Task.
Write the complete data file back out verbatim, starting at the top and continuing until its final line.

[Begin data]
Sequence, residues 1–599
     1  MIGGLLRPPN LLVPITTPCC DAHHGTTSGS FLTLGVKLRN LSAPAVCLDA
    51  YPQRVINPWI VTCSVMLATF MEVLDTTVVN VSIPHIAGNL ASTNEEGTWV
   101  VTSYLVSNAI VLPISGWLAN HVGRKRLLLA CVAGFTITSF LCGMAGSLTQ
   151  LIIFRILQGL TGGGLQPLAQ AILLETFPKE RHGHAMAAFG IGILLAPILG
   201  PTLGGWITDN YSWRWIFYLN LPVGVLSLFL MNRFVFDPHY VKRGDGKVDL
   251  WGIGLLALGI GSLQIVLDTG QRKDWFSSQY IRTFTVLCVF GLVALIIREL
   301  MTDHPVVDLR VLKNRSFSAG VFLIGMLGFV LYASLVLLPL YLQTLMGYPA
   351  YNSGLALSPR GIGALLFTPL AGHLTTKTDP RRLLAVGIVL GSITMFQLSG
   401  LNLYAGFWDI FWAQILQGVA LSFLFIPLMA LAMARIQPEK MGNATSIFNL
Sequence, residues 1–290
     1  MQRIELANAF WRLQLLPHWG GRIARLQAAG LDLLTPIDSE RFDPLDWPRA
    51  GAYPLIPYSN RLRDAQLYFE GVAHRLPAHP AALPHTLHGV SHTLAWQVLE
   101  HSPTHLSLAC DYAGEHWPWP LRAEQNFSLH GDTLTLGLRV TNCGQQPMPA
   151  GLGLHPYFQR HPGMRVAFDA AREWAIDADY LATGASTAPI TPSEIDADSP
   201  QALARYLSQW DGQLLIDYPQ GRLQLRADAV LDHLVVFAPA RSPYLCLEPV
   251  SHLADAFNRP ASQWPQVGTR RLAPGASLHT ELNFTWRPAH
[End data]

Sequence, residues 1–599
     1  MIGGLLRPPN LLVPITTPCC DAHHGTTSGS FLTLGVKLRN LSAPAVCLDA
    51  YPQRVINPWI VTCSVMLATF MEVLDTTVVN VSIPHIAGNL ASTNEEGTWV
   101  VTSYLVSNAI VLPISGWLAN HVGRKRLLLA CVAGFTITSF LCGMAGSLTQ
   151  LIIFRILQGL TGGGLQPLAQ AILLETFPKE RHGHAMAAFG IGILLAPILG
   201  PTLGGWITDN YSWRWIFYLN LPVGVLSLFL MNRFVFDPHY VKRGDGKVDL
   251  WGIGLLALGI GSLQIVLDTG QRKDWFSSQY IRTFTVLCVF GLVALIIREL
   301  MTDHPVVDLR VLKNRSFSAG VFLIGMLGFV LYASLVLLPL YLQTLMGYPA
   351  YNSGLALSPR GIGALLFTPL AGHLTTKTDP RRLLAVGIVL GSITMFQLSG
   401  LNLYAGFWDI FWAQILQGVA LSFLFIPLMA LAMARIQPEK MGNATSIFNL
Sequence, residues 1–290
     1  MQRIELANAF WRLQLLPHWG GRIARLQAAG LDLLTPIDSE RFDPLDWPRA
    51  GAYPLIPYSN RLRDAQLYFE GVAHRLPAHP AALPHTLHGV SHTLAWQVLE
   101  HSPTHLSLAC DYAGEHWPWP LRAEQNFSLH GDTLTLGLRV TNCGQQPMPA
   151  GLGLHPYFQR HPGMRVAFDA AREWAIDADY LATGASTAPI TPSEIDADSP
   201  QALARYLSQW DGQLLIDYPQ GRLQLRADAV LDHLVVFAPA RSPYLCLEPV
   251  SHLADAFNRP ASQWPQVGTR RLAPGASLHT ELNFTWRPAH